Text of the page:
Worried that we would be overran, Whittaker and Gwenn took to the high ground by climbing up a dirt slope towards the road above us. I followed them just as Manny managed to pry open the manhole. He disappeared down a rusty ladder while I quickly made my way up the slope to join the other two. It was difficult moving through the dry brush, but it was safer than being on the street with what appeared to be over a dozen undead coming right for us.
We picked off as many of them as we could but they kept coming. We kept moving up the slope as they kept trying to get at us. Those we killed fell and rolled down striking some unfortunate enough to be in the way. We kept pushing our way until we reached the top of the slope and stood on level ground. The street was not far behind us. We turned our attention to the last remaining zombie and dropped it. Just then, we saw another horde of zombies coming from the direction of the Casino. There were far more of them this time.
They must have heard us because the horde turned and looked at our direction. They then ran as one up the slope and came for us. Just then, I saw Manny stuck his head out of the manhole and whistled out loud to try and get the incoming horde’s attention. They stopped in their tracks and looked towards their new prey.
“What’s he doing?” Whittaker said with frustration. “We need those zombies to keep coming at us.” Whittaker then walked up to the edge where the ground sloped back down. He began to frantically wave his arms and shouted at the zombies. It worked as the horde turned and made its way back up the slope.
The three of us took off and followed the street where it curved up above the Casino. We then slowly made our way down to St. Catherine Way towards the manhole where Manny was waiting. From the street, we could see the zombies at the top of the slope aimlessly moving about probably wondering where their meal went.
We quickly climbed down the rusty latter and followed Manny. I was surprised at how wide the sewer tunnel was. It reminded me of the maintenance tunnels in New York’s subways. It was wide enough for three of us to walk side by side. Manny explained that Wrigley had the sewers built back in the early 1900s. It was also rumored that Wrigley even had secret access tunnels built between his mansion and exit points somewhere along the rocky coast. Supposedly, the tunnels were used during Prohibition to transport barrels of alcohol to his mansion after it was built in 1931. I thought of what a story that would have made if it was true! Imagine the headline: “Gum and Rum on Catalina!”
I asked Manny how was it that he knew his way around the tunnels. He said he and his friends would occasionally explore the sewers back in high school. They even found an abandoned storage room which they converted into a kind of clubhouse. There, they snuck in some beers and played Ultramodern 4 as well as Dungeons and Dragons—role playing games popular among people who preferred indoor pastimes over outdoor ones. Manny described how much fun they had pretending that people on Catalina were being hunted by a pack of ravenous werewolves bent on slaughtering everyone.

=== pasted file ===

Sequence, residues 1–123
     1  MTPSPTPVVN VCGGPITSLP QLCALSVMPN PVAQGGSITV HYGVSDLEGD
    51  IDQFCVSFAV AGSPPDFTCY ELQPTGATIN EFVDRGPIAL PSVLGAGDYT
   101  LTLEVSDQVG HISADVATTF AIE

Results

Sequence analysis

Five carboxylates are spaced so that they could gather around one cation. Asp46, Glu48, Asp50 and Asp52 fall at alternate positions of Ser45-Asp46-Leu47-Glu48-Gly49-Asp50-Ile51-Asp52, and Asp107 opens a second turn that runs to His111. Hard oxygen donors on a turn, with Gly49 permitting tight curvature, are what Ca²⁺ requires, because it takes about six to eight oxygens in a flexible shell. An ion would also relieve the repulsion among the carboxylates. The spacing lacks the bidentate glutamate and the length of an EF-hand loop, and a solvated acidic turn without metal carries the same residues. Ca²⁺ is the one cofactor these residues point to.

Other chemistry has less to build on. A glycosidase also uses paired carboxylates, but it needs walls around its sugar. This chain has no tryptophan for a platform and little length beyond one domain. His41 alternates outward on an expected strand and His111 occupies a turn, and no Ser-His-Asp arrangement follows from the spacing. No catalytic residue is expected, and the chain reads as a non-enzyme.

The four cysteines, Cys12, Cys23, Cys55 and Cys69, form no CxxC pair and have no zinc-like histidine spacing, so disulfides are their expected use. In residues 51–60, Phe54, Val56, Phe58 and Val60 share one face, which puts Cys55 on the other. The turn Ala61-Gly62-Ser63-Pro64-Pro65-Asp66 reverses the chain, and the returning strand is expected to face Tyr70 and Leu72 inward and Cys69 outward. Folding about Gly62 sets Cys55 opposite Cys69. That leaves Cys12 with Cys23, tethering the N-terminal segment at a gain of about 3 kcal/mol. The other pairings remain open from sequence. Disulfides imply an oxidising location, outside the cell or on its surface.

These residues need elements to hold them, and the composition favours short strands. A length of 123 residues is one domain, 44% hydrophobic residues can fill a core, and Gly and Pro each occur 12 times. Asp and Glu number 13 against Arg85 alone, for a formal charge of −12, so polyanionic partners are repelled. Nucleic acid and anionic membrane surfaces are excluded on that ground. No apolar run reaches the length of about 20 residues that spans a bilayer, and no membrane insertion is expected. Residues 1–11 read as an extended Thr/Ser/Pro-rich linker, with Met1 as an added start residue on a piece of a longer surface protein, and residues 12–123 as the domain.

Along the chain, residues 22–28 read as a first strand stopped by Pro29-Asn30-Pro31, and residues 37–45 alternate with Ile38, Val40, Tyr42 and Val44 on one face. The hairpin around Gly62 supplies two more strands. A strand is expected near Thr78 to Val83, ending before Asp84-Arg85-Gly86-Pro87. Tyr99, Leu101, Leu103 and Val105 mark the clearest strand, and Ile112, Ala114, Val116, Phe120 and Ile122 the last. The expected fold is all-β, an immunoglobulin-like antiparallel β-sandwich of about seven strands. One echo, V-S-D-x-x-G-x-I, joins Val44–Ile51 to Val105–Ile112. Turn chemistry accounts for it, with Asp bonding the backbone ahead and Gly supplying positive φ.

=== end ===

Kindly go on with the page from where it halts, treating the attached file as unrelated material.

“Since apparently zombies are real,” Manny said. “Do you suppose werewolves might be too?”
I just looked at him and thought of Taxco, Guerrero. “Maybe,” I said.
As we made our way through the sewers, Whittaker was going on about the physiology of the zombies we encountered. He explained how the zombies preferred to grab their victims then deliver a vicious bite. But even if one of them couldn’t grab on to you, they could still try to pummel you with their arms. He said they’re pretty easy to hit, and a direct head shot could easily drop one. He added that it made sense. Take away the brain—the body’s CPU—and the rest of the system crashes! I have to admit that I was quite impressed by what Whittaker knew. I may have to take back everything I ever thought about dem good ol’ southern boys.
We encountered two ghouls about halfway to the police station. Both were men and wore cargo shorts and Hawaiian print shirts. By their ages and appearance, it was apparent they must have been a father and son on vacation.
After we easily took care of them, we searched them both and found keys, some cash, a hotel keycard and a gas card. Their IDs showed they were from Oregon. I began to wonder if what was happening here was happening in Oregon too.
Just before we arrived at the tunnel leading up to the police station, Manny explained that he thought we would have to find a way through a steel door that normally blocked the room where a ladder led up to the street level. However, there wasn’t any steel door. Gwenn said it looked like there might have been one there at one time, but it had been removed as indicated by the scorch marks left by a cutting torch. A shaft of sunlight shone down into the room. A tall iron ladder led up to the street above.
Gwenn went up the ladder to see if it was safe. Moments later, she softly whistled for us to climb up. When we reached the street, we saw a Sheriff’s patrol car nearby. A Sheriff deputy, lay nearby. Gwenn was busy retrieving her arrow from the back of the zombie’s head. I looked inside the patrol and spotted the keys still in the ignition. I took it out and used one of the keys in the ring to unlock the mounted shotgun. Whittaker and Manny had ran up to the front entrance of the Sheriff station to find the door locked. Gwenn and I joined them and used the deputy’s set of keys to unlock the door.
Gwenn held up the deputy’s badge for us to see. “It’s Steve,” she said. “Roxanne’s husband and Mary’s father.”
“We’ll give it to her when we get back to the Casino,” Whittaker said as we quickly stepped inside, worried that more zombies may wander into the area.
We locked the door behind us and looked around. The front office was quiet and deserted. There were no signs of anyone in the office, not even a dispatcher on duty. A front counter took up most of the front office. There were several desks and file cabinets as well. Two doors led out of the office. One door had a sign that read “Holding Area” on it. The other had an opaque glass window with no sign on it.
We stood in the front office wondering if we were alone in the Sheriff’s station.
Read more in “Lethal Weapon”